Doesn't put the blame on the netbook business
Palo Alto, California-based HP, the world's leading PC vendor, has recently announced the financial results for the fiscal first quarter ended on January 31, 2009. According to the company, the net revenue for the first quarter of 2009 was of $28.8 billion, up 1% from the company's earnings in the same period a year earlier and up to 4% when adjusted to the effects of the currency. As expected the company's financial results were affected by the ongoing world economic crisis, which has been cutting through the sales of almost every major company out there.
“HP is a market leader executing well in a tough market,” said Mark Hurd, HP chairman and chief executive officer. “Our market strength, disciplined cost management and diverse portfolio allowed us to differentiate HP in the global marketplace and gain share in key markets.”
According to the numbers presented by the company, the profit was at $1.9 billion, or 75 cents per share, which is 9.5 percent down from the profit recorded by the company in the same quarter, a year ago, at $2.1 billion, or 80 cents per share. The PC vendor recorded revenue declines in every area of its business except for its EDS unit, which it purchased last year. The unit recorded a revenue increase of 116 percent to $8.7 billion.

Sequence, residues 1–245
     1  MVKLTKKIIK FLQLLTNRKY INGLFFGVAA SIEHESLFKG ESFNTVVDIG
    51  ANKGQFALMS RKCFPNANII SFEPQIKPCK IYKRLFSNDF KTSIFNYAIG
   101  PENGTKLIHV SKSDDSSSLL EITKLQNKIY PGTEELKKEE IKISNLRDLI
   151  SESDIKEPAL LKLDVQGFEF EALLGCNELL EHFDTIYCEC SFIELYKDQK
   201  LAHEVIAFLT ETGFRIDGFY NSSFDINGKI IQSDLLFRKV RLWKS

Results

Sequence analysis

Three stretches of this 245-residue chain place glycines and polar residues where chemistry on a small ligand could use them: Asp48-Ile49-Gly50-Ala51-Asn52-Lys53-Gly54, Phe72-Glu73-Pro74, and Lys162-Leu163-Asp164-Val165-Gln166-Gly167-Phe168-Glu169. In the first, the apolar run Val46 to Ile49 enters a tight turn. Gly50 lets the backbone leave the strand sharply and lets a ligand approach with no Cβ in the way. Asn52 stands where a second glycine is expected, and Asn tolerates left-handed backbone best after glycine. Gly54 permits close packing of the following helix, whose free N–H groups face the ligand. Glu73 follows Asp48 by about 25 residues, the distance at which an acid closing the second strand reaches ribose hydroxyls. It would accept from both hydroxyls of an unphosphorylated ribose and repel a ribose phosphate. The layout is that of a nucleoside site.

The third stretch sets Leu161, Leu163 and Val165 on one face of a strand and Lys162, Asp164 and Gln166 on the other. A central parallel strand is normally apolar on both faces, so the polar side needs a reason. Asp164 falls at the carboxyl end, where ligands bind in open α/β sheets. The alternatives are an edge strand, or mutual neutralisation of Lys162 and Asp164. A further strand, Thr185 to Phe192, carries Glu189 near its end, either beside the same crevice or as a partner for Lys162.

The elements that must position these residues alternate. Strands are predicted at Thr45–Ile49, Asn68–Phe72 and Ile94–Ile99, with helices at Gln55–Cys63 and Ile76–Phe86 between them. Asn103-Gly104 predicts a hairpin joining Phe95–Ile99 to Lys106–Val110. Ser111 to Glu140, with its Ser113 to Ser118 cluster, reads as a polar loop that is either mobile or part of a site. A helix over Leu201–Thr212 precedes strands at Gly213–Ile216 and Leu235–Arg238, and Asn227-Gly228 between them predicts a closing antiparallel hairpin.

“I'm particularly pleased with the results of our Services segment. We now have a second segment with significant recurring revenues,” Chief Executive Mark Hurd said during a call with analysts.
Unfortunately, the company's revenue from the notebook business has dropped 13 percent, while in the desktop business the revenue was down 25 percent. HP's total PC shipments were down 4 percent for the quarter. However, the company's chief executive took some time in discussing the effects of the netbook business on the company's sales of fully-fledged notebooks. “It's not a move to Netbooks that's cannibalizing in this quarter. What you have is someone who was buying more thickly configured notebooks now buying more thinly configured,” Hurd said. “There's not a significant phenomenon of ASPs (declining) in the HP lineup caused by Netbooks.”
There have been a series of expressed concerns regarding the netbook business segment, as these systems are said to be seriously affecting the sales of cheaper, fully-fledged notebooks.
According to the company, following the recent numbers for the first fiscal quarter of the ongoing year, HP will be reducing compensation and benefits across the board. Executive Council members will see a pay reduction of 15 percent each, while other execs will see about a 10 percent pay reduction. The company's chief executive's base pay will be decreased by 20 percent, while exempt employees' salaries will be cut 5 percent, with those of non-exempt employees reduced by 2.5 percent.
Following the recent numbers, HP said that it would forecast a revenue decline of 2 percent to 3 percent, between 84 cents and 86 cents per share.
HP's Q1 Profit Down 9.5%, Company Cuts Salaries